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Alien Resurrection

Consumerism, therapy, the lottery, they're all part of more pervasive contemporary alienation, says Pete Smith.

One of the most important concepts to come out of the Marxist tradition of social thinking is that of alienation. The idea, in Marx’s phrase, that under capitalism people are alienated from their “species being”. An individual’s labour, which is at the core of their self expression, their individuality and their confirmation of their humanity, becomes separated from them and turned into a commodity which is alienated from them and simply bought and sold in the market place.

Other aspects of this notion of alienation were explored by the Marxist historian Edward Thompson in his classic work The Making of the English Working Class, when he looked at the way that the factory system and capitalism in general eroded the autonomy of outworkers such as weavers, who in the early period of industrialisation exercised some control over their own patterns of work. Weavers’ Monday was when the workers chose to take an extended weekend break and not actually fit in the rigid patterns of nine to five, five day working. In other words, even in their straightened circumstances, they were able to exercise some autonomy in the world of work. The factory, the punch-card, the manager and the logic of Taylorism and time and motion study ended all that.

For Marx, alienation was something that ended at the factory gates. An enthusiastic supporter of the eight hour movement, Marx believed that workers could only be free away from the constraints of the factory system. The eight hours of recreation would be where they could be themselves outside the prison of wage labour. If only life was this simple. What we have seen in recent times is the extension of the process of alienation into whole areas of life which reach far beyond the world of work. Just in the same way that Edward Thompson’s weavers found their autonomy in the world of work undermined by the rise of the factory system, what we now see is many professional and semi-professional workers finding their autonomy and self esteem fundamentally devalued.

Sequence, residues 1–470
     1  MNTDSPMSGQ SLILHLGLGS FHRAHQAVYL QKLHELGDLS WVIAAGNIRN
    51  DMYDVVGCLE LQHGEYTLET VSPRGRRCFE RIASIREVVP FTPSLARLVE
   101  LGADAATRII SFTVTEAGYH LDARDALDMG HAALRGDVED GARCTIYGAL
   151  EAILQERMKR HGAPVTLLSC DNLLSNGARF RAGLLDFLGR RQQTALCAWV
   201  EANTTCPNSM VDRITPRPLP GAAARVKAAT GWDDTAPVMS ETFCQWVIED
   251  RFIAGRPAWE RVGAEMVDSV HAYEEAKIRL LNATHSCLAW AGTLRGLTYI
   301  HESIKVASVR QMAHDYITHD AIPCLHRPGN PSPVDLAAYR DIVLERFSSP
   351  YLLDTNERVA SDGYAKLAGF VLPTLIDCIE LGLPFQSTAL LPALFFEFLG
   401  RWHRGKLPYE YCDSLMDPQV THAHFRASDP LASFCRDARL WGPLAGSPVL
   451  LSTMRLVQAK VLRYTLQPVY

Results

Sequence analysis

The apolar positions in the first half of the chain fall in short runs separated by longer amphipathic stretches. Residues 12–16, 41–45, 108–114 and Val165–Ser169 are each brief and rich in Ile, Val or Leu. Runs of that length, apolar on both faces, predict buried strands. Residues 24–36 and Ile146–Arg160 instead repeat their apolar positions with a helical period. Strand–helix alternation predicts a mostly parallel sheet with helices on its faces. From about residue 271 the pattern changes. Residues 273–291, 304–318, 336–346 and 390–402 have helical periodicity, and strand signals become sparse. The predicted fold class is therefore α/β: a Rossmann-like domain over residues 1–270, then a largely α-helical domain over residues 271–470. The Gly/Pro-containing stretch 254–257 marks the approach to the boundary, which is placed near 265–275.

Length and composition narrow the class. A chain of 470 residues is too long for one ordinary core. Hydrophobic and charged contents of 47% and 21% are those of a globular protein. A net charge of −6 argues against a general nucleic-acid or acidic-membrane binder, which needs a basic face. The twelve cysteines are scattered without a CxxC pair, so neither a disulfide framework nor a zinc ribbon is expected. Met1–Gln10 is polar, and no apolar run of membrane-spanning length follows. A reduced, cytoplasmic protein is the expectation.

The American Marxist Harry Braverman, many years ago, used the phrase deskilling, and we can see this process at work across a number of occupations. Teachers get pushed to one side by classroom assistants who are less qualified, less trained and, of course, less well paid than themselves. The same is true with police officers who find their functions being overtaken by community wardens, who do not have their training or experience. That pattern of deskilling is repeated over and over again in occupations that used to be regarded as professional and in some senses protected from the full rigours of the capitalist market economy. The law and medical professions are under similar pressure: New Labour calls it modernisation.